Over the last couple of weeks, I have spent a lot of time analyzing the role that memory and oral history play in presenting or writing about history. In particular, I have been wondering how I should make use of these sources as a Public Historian. My thought process began at my visit to the Canadian War Museum to gather information for my Exhibit Review. I found myself extremely conflicted about the sole reliance on oral history in Bev Tosh's travelling exhibit War Brides: Portraits of an Era. I concluded that as a historical exhibit it could be strengthened through using a wider variety of historical sources. That being said, I still found this exhibit incredibly effective and have found myself trying to articulate ever since why this exhibit spoke to me in such a profound way.
I was afforded some answers to my questions this week while I was doing some very suiting readings on oral history for my Public History course. In Alessandro Portelli’s article “The Peculiarities of Oral History” it is argued that the meaning people make from events is just as important as what actually happened. Portelli states, “What the informant believes is indeed a historical fact (that is, the fact that he or she believes it) just as much as what ‘really’ happened”[i]. I think that is why War Brides had such an impact on me (indeed, two blogs worth), because although I left with very few conventional “facts” I still had obtained an exceedingly clear conception of what being a War Bride meant to the women involved in the exhibit.
However, I still was not satisfied on how to most effectively incorporate such sources into my own work. Interestingly, this month’s issue of National Geographic cover issue “Memory: Why We Remember, Why We Forget” addresses some of these same issues. The article “Remember This” by Joshua Foer explores the neurological side of making and retaining memories. Foer speaks extensively with “AJ”, a woman who remembers everything she has done, said, or felt, every day of her life.[ii] I found myself thinking how much easier it would be to do history if everyone had the ability to retain such rich memories of their past. However, AJ herself sees her gift as a burden, stating:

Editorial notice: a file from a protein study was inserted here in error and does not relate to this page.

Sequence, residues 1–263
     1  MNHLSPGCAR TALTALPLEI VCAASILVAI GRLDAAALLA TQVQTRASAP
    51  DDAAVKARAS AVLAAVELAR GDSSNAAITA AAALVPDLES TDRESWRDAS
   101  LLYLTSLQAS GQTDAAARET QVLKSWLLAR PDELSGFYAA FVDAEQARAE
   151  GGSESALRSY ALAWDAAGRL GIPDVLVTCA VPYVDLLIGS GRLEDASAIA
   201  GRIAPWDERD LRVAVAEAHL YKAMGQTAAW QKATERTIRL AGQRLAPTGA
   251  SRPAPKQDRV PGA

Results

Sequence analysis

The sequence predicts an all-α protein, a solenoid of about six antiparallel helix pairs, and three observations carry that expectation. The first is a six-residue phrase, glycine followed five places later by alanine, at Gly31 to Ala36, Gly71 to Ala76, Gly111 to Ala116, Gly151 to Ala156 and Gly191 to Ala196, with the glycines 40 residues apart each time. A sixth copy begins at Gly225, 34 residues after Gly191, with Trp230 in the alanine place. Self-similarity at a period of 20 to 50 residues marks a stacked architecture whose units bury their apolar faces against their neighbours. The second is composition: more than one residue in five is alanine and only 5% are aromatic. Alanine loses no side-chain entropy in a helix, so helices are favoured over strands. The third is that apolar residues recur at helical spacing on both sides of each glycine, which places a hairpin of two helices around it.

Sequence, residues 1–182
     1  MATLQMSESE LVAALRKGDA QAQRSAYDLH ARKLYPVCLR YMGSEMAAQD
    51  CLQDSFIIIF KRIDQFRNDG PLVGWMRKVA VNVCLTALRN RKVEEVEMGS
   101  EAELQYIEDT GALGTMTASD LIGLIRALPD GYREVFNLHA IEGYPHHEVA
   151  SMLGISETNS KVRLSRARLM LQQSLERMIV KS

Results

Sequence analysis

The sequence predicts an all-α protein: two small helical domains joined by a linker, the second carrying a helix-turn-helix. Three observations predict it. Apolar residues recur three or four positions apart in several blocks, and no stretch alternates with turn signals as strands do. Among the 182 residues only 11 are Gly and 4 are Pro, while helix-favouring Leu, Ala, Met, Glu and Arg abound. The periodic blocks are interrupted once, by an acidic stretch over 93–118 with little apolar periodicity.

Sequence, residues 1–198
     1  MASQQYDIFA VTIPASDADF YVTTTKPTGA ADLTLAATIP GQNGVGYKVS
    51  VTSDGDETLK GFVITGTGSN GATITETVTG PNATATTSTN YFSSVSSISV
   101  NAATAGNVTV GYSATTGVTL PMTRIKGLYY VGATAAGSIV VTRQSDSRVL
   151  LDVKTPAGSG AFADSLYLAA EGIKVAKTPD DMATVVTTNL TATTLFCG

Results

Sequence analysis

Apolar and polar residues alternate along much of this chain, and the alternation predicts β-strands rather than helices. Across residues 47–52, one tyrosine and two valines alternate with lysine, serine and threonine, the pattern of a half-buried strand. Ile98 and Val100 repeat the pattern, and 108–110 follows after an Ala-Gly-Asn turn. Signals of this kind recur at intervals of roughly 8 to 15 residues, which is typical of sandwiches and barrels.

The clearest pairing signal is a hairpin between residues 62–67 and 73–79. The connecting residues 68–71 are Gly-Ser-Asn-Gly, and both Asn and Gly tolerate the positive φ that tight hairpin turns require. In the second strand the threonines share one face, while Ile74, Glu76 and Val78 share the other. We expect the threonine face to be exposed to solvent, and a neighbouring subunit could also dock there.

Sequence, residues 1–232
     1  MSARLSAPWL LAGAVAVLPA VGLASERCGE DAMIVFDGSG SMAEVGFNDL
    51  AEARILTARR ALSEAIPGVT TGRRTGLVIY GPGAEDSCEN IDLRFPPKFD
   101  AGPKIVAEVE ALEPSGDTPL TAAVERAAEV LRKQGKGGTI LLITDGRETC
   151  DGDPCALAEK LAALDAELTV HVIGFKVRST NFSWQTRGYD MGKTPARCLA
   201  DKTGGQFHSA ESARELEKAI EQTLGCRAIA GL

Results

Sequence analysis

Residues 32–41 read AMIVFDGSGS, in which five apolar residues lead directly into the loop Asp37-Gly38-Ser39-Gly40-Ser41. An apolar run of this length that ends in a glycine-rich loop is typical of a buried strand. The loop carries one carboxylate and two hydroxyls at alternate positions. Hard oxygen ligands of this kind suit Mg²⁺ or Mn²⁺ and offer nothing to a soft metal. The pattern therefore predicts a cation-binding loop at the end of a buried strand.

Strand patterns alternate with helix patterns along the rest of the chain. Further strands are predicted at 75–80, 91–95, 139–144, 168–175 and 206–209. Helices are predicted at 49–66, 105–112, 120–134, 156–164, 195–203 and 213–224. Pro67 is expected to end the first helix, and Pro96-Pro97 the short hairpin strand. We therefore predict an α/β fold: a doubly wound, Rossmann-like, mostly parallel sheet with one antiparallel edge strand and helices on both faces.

I remember the good, which is very comforting. But I also remember the bad- and every bad choice,” she says. “And I really don’t give myself a break. There are all these forks in the road, moments you have to make a choice , and then it’s ten years later, and I’m still beating myself up over them. I don’t forgive myself for a lot of things. Your memory is the way to protect you. I feel like it just hasn’t protected me.[iii]
AJ’s belief that memory is supposed to protect people by allowing them to forget some of the suffering they have encountered in their lives, finally made clear to me my own perspective on this topic. It seems that the Public Historian’s role is to make sure that people are not allowed to forget the past, even if it is painful. As Michael Frisch states in his book A Shared Authority, what should be the main concern of Public Historians is “...a fundamental commitment to the importance of that verb at the heart of memory, making it something alive and active as we confront out own world.”[iv] Therefore as idealistic as it might appear, it seems that it is the Public Historian's duty to use memories and oral history to help the public to face and learn from the past.
[i] Alessandro Portelli, “The Peculiarities of Oral History,” History Workshop Journal 12 (Autumn 1981), pg. 100
[ii] Joshua Foer, “Remember This” in National Geographic, November 2007, pg. 35